Understanding child custody and relocation

If you and your ex-spouse share joint custody of your child, but one of you needs to relocate, there are certain steps that the moving parent must make. Without following the law, the court may make a different custody order that gives sole custody to the nonmoving parent.

When considering whether to continue to allow for joint custody after relocation, the judge considers a number of factors, and the biggest ones relate to what is best for the child.

Relocation basics

According to the Arizona State Legislature, the parent who plans on moving at least 100 miles away or to a different state must send a written notice by certified mail to the other parent at least 45 days before the planned relocation date. If the other parent opposes this relocation, he or she must petition the court within 30 days of receiving the notice to prevent the move or argue for a different custody decision.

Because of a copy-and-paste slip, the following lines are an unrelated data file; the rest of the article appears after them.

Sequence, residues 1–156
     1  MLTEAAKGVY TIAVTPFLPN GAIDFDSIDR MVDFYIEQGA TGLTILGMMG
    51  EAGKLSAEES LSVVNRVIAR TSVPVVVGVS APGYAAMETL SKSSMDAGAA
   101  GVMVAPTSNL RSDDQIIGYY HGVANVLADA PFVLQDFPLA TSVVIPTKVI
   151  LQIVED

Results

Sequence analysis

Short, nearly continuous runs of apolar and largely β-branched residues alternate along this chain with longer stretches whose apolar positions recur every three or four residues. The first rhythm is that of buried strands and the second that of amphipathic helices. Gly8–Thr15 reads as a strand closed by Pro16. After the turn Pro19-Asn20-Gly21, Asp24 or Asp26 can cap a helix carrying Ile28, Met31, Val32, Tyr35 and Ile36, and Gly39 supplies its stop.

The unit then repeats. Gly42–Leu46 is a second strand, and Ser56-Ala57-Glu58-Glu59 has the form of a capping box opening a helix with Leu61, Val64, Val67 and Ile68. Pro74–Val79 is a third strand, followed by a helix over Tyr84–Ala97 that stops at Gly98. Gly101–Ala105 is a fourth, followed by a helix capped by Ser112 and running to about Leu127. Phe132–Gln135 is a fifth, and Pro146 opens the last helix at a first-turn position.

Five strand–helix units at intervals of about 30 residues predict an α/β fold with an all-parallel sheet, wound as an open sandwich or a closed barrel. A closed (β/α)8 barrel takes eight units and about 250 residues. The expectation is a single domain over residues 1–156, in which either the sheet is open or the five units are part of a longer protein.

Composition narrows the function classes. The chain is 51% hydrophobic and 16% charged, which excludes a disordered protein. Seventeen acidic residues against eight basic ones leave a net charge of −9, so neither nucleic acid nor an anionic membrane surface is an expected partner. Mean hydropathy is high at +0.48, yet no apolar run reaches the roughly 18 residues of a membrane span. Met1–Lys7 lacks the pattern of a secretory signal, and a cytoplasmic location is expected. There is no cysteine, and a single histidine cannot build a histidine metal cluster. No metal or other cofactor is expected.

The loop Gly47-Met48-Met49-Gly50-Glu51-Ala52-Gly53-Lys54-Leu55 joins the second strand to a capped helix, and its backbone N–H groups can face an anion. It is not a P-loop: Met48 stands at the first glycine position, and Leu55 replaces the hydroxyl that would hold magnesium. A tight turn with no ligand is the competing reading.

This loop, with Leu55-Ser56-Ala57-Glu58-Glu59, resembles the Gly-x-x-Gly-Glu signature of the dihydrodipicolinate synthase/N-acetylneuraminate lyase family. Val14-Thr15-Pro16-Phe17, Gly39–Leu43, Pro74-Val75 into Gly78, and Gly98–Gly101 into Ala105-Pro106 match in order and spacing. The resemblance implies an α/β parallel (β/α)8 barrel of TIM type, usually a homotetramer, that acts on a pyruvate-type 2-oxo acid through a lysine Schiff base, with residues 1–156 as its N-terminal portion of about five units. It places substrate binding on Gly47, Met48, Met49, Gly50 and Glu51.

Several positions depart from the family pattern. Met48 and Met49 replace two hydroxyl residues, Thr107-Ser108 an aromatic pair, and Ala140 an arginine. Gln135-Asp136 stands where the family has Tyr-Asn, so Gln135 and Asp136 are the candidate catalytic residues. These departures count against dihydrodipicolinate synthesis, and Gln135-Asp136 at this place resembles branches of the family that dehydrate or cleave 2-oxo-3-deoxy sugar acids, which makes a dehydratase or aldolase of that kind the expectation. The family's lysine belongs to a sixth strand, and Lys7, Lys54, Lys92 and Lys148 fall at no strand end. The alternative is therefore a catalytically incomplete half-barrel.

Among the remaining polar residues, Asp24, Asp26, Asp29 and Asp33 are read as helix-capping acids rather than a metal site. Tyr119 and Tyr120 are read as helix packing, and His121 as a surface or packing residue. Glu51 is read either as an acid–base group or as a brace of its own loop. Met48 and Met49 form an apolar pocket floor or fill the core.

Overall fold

If both parties agree to the relocation, they can sign a written agreement. The current custody order shall remain in effect unless the court orders differently or the parents agree to an alternative parenting plan.

Best interest factors

If the nonmoving parent wants to prevent the relocation of the child, the courts take into account what is in the best interest for the child. According to the Child Welfare Information Gateway, the judge considers each of the parent’s ability to care for the child as well as the academic and emotional needs of the child. When it comes to relocation, the judge considers how the move will affect the child, what access the child will have to the other parent, the child’s social connections in the current living environment and the child’s current relationships with other relatives.